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“What is the dumbest way a huge turning point in history began?” was a question historian Peter Manseau recently posed on Twitter. What resulted was a flood of user comments that ranged from the inane (some noted their own births) to world altering.

We here at HistoryNet have compiled some of the more notable answers and added a few of our own to the list!

1. The Assassination of Archduke Franz Ferdinand

While the story of Gavrilo Princip stopping to get a sandwich after the first failed assassination attempt on the lives of Franz Ferdinand and his wife Sophie may be apocryphal, what is true is the couple’s driver took an unexpected new route (or a wrong turn) which led the pair to cross paths with Princip. The subsequent deaths of the Ferdinands plunged the world into the Great War, the Second World War, the Cold War and on and on the ramifications go.

2. The Death of Glyndwr Michael

The idea itself was very simple: find a dead body, plant false papers on the corpse, and then drop it where the Germans would inevitably find it. Yet to pull off the ruse would require ingenuity to overcome a complicated series of hurdles, namely finding the appropriate body that looked like it had died in an air crash at sea and floated ashore.  

The British eventually found their man in Glyndwr Michael, a vagrant who had recently died in London after swallowing rat poison. With no family to claim him, Michael’s body was put on ice as Charles Cholmondeley and Ewen Montagu set about creating “Captain (Acting Major) William Martin of the Royal Marines.”

Attached to Michael’s body was a briefcase that contained a series subterfuge documents designed to draw the Germans away from the Allies’ main target, Sicily.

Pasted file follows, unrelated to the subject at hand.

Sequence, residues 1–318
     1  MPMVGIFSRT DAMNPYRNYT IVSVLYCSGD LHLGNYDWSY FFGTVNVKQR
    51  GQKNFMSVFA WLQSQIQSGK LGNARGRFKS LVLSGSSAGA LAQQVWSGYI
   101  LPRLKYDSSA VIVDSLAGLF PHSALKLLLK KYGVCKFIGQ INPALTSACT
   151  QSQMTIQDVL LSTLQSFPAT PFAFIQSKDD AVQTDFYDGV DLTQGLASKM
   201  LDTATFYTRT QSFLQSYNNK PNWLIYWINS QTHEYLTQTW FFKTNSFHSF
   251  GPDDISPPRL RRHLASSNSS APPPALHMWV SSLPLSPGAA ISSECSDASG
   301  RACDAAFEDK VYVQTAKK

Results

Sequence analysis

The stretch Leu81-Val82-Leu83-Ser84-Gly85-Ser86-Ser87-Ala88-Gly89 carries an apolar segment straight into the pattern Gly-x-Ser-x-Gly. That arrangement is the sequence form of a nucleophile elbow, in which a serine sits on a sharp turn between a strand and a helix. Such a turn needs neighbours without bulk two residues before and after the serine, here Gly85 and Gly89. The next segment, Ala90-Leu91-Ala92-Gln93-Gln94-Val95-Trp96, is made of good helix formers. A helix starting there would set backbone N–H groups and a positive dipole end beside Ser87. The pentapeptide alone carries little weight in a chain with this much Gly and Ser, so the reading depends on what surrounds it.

On April 30, 1943, “Captain Martin” was launched into the ocean from the British submarine HMS Seraph and left to drift. From then on it was a wait-and-see game. Macintyre told The New Yorker that the Germans had to “believe that they had gained access to the documents undetected; they should be made to assume that the British believed the Spaniards had returned the documents unopened and unread.”

Indeed, they did. After taking the bait, the Germans rapidly doubled the number of troops being sent to Sardinia, while Hitler sent an additional panzer division from France to Greece. British code breakers sent the telegram, “MINCEMEAT SWALLOWED ROD, LINE, AND SINKER” to Winston Churchill in mid-May of 1943.

And as 160,000 Allied troops stormed Sicily on July 10 it became clear from the scanty German resistance that the British dupe was effective. The successful six-week campaign to retake Sicily brought Mussolini to his knees, helped to initiate the Italian land campaign, and forced Hitler to divert nearly a fifth of the entire German army fighting on the Eastern Front to help prop up Italy. Countless Allied lives were saved due to this one cadaver.

3. Ben Butler and the Bermuda Hundred Campaign

By fate, Benjamin Butler and P.G.T Beauregard found themselves at the head of opposing armies on the Virginia Peninsula in 1864: Butler in command of the Army of the James, Beauregard the Department of North Carolina and Southern Virginia.

Their showdown in the Bermuda Hundred Campaign, lasting May 5 through June 7, 1864, remains one of the war’s most overlooked military ventures despite the fact that it could have possibly ended the American Civil War a year earlier, according to historian Sean Michael Chick.

That spring, Butler’s army was handed the critical role as “Left Hook” in Ulysses Grant’s massive three-pronged advance on Richmond, and even though Butler seemed to have the parts in place to succeed, he was instead left to rue lost opportunities and to cast blame on his subordinates.

Although there had been missed Confederate openings too, one thing was certain by June 7: Beauregard had managed to turn back Butler’s onslaught and Grant had been stopped on the outskirts of Richmond. He would not claim the coveted Confederate capital for another 10 months.